A livestock show is an event where livestock are exhibited and judged on certain phenotypical breed traits as specified by their respective breed standard. Species of livestock that may be shown include pigs, cattle, sheep, goats, horses, llamas and alpacas. Poultry such as chickens, geese, ducks, turkeys and pigeons are also shown competitively. A livestock show may be part of an agricultural show.
The phenotypical traits that are evaluated with all species of livestock are muscle, structural correctness, frame size, style and balance. These certain traits will vary with certain species as well as if the animal is shown for market or for breeding stock. For meat animals, muscling is an important trait. There are several indicators of muscle, mainly being on the top line and rear of the animal. For dairy animals, qualities that improve milk production are vital. For poultry, feathers are important, and traits such as broken or cut feathers are a disqualification. Structural correctness is another trait refers to how well the animals skeleton is put together, more specifically their bone structure.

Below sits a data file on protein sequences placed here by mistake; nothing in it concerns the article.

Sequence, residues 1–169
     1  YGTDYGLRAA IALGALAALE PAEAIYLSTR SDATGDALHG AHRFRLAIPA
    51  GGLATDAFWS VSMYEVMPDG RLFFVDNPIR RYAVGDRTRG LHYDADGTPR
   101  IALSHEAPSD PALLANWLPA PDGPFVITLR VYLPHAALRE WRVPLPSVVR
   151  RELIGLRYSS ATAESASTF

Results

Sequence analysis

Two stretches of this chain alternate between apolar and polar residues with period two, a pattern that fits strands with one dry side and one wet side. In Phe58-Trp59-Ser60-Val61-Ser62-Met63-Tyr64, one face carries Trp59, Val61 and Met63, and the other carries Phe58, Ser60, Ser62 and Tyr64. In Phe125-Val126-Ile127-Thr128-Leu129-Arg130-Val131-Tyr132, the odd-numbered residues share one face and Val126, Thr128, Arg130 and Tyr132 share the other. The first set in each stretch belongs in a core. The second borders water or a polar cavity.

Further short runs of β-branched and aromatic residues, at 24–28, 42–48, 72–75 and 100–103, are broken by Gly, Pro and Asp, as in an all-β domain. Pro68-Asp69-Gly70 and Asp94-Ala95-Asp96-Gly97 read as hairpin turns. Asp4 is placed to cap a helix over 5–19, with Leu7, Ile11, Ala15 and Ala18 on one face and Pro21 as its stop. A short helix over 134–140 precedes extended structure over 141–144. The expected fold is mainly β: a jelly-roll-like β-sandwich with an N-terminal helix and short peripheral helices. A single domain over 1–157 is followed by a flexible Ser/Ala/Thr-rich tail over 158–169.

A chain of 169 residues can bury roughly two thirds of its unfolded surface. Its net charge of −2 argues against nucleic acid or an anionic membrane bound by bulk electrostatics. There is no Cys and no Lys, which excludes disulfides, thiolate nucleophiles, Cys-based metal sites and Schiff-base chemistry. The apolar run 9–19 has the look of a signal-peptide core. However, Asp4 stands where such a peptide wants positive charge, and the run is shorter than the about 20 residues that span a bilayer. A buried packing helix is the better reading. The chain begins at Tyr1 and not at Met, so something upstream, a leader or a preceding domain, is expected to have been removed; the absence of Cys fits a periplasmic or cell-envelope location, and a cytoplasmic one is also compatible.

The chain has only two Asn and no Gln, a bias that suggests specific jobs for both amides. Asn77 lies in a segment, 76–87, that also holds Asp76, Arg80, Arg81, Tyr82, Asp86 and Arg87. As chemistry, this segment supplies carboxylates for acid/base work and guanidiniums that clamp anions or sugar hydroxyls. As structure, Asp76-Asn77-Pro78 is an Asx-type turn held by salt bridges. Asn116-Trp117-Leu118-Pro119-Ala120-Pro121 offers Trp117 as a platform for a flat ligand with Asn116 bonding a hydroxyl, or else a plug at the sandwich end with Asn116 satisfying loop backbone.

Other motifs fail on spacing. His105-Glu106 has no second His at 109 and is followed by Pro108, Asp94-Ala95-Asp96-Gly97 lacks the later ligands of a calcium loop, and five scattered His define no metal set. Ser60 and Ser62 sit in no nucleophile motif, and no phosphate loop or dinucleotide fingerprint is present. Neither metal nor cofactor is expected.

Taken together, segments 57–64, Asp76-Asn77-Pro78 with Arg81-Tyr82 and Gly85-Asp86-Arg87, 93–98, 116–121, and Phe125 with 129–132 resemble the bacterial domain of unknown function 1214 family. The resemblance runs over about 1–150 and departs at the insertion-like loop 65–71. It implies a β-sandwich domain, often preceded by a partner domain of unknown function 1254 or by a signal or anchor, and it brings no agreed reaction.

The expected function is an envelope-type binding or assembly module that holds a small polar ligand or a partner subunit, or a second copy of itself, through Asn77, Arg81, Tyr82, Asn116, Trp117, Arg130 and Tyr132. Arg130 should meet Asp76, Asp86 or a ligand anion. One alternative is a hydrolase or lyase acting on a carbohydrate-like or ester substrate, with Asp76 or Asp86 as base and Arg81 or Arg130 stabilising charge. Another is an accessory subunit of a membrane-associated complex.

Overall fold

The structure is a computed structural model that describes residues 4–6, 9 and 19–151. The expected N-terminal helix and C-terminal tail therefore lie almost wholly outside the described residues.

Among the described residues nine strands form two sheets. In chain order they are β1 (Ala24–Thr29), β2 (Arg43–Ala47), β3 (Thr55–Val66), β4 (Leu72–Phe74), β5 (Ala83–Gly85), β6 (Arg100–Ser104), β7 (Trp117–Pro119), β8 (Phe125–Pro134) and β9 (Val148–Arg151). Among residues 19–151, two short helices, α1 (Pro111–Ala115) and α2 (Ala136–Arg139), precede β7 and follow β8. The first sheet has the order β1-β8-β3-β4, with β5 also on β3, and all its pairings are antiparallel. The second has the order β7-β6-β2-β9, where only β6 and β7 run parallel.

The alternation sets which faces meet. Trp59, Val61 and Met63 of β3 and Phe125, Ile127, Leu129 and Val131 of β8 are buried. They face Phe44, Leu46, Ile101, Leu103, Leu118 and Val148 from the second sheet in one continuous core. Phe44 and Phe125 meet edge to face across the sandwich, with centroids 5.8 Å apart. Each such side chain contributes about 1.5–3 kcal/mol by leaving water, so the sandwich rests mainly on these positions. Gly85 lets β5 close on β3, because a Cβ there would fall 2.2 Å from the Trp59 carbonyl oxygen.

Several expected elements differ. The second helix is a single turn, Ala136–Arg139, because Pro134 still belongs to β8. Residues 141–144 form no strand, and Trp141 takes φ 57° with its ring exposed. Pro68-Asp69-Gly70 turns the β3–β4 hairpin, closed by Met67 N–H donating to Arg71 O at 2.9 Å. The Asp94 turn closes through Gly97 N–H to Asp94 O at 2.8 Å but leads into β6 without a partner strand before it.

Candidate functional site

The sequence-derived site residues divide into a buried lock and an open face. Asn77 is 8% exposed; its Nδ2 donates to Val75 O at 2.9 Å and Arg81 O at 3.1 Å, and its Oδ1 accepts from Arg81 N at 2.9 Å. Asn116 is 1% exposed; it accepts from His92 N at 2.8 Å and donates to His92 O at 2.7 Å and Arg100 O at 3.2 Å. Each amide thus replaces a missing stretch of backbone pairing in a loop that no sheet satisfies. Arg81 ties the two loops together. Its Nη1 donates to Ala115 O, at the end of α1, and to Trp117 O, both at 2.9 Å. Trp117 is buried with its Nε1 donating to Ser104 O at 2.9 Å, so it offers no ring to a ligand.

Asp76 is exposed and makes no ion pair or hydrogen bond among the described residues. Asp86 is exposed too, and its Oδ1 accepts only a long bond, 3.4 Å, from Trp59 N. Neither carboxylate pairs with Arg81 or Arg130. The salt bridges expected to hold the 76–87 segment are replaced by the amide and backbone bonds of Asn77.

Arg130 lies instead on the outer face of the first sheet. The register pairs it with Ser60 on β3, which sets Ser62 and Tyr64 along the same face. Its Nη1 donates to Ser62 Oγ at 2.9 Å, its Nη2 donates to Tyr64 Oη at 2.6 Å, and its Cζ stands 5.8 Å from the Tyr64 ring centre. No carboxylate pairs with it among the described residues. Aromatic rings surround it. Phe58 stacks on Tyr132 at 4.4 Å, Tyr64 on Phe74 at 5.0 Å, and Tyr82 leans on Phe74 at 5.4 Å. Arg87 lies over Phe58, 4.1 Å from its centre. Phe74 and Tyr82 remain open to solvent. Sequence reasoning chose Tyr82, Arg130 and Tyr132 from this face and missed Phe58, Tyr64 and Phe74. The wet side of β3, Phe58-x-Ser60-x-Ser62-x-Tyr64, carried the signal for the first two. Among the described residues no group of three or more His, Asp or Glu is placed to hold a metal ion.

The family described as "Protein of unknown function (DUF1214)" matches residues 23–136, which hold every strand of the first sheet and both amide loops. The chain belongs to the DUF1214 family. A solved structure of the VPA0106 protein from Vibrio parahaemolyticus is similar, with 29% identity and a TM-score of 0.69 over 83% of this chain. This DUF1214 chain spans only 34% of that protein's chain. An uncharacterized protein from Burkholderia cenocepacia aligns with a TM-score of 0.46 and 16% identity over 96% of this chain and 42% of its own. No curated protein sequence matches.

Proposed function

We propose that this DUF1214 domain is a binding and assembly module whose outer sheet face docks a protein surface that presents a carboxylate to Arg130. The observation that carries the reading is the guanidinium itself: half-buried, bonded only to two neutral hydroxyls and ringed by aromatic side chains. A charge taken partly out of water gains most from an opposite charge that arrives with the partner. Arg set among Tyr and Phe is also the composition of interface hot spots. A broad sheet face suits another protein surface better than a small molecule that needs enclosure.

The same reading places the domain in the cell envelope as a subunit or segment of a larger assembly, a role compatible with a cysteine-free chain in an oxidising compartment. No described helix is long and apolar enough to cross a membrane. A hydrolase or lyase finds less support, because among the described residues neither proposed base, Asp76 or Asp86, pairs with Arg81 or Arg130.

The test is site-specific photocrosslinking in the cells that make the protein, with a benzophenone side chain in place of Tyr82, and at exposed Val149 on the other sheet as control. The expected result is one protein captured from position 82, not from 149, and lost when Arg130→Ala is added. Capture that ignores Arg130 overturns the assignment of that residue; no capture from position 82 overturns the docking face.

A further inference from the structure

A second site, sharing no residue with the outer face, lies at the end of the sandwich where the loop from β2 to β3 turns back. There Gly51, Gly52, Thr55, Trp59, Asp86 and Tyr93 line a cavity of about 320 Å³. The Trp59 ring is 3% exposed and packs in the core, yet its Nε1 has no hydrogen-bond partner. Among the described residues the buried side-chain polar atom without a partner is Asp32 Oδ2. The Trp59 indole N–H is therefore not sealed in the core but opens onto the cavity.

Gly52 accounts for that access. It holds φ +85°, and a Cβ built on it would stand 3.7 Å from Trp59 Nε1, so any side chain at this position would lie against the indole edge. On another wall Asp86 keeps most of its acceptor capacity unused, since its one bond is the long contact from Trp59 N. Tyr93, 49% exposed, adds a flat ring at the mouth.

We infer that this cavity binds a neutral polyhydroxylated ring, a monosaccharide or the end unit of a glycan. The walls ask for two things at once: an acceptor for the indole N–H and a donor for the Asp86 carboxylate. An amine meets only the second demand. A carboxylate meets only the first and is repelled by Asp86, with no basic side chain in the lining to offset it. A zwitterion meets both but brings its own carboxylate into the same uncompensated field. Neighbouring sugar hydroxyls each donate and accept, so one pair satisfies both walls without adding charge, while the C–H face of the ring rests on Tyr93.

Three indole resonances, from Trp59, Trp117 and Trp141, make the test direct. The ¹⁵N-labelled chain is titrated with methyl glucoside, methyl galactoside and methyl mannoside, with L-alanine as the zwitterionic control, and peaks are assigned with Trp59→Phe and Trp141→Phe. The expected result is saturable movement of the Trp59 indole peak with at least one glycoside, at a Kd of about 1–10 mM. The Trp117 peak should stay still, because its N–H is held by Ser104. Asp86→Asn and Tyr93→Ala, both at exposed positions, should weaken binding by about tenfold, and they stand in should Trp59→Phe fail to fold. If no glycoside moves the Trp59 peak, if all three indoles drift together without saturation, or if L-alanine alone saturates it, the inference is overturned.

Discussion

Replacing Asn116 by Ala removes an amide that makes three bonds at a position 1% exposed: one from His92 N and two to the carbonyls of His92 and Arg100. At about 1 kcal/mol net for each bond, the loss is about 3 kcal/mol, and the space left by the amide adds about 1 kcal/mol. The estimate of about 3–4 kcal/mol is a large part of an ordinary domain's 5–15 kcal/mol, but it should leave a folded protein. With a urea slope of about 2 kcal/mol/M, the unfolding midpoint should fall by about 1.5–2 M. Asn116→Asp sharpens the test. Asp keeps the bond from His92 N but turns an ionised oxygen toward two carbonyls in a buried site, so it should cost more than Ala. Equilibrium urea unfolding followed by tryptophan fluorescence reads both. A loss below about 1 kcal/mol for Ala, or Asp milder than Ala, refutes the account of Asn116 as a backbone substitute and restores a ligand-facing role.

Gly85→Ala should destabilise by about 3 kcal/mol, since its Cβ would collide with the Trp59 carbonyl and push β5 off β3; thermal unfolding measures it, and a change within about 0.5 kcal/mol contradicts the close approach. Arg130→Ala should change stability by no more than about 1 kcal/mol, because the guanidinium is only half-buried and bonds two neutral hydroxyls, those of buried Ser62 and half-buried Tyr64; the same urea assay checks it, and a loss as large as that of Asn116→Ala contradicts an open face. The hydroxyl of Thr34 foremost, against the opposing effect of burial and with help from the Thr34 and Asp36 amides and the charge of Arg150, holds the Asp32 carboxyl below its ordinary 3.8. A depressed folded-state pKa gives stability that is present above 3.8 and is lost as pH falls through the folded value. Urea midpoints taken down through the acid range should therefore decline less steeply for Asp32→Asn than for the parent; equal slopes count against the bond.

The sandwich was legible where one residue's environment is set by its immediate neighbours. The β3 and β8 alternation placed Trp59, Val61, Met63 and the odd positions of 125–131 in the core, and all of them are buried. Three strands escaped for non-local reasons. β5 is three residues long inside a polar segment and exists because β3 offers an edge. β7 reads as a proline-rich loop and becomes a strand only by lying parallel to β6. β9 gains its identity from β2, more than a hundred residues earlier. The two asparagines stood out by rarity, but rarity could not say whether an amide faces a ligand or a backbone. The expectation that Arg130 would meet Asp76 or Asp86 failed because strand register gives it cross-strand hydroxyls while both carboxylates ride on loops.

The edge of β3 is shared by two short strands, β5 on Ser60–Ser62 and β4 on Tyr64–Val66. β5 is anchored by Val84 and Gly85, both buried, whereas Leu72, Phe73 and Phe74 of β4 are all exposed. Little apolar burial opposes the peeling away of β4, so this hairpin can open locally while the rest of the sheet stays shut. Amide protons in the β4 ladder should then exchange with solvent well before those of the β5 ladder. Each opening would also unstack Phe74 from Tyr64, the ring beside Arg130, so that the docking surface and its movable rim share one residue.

The animal needs to move with ease and smoothness. Animals should also have proper angles to their pasterns and flex in their joints, should as their hock, knee, and shoulder. Frame is another trait that is looked at when judging livestock. Frame should be decided on whether the animal is long-bodied, tall fronted, and have some internal capacity. An animal that has style and balance is one that holds its head up high when it walks, and is smooth in its overall appearance. The animal should be free of excess fat and should stand with a wide base.
In the unique case of horses, horse shows include not only the conformation judging common to all livestock, but also add performance classes where the animals are either ridden or shown in harness to display their training and underlying athletic ability, manners and temperament.
Pigs are exhibited by walking the animal into an arena using a hog driving utensil such as a whip, stock cane or plastic stick. Most of the contestants will carry a brush to clean the animal if it gets dirty while in the arena. The judge will then evaluate each contestant's animal and choose a winner.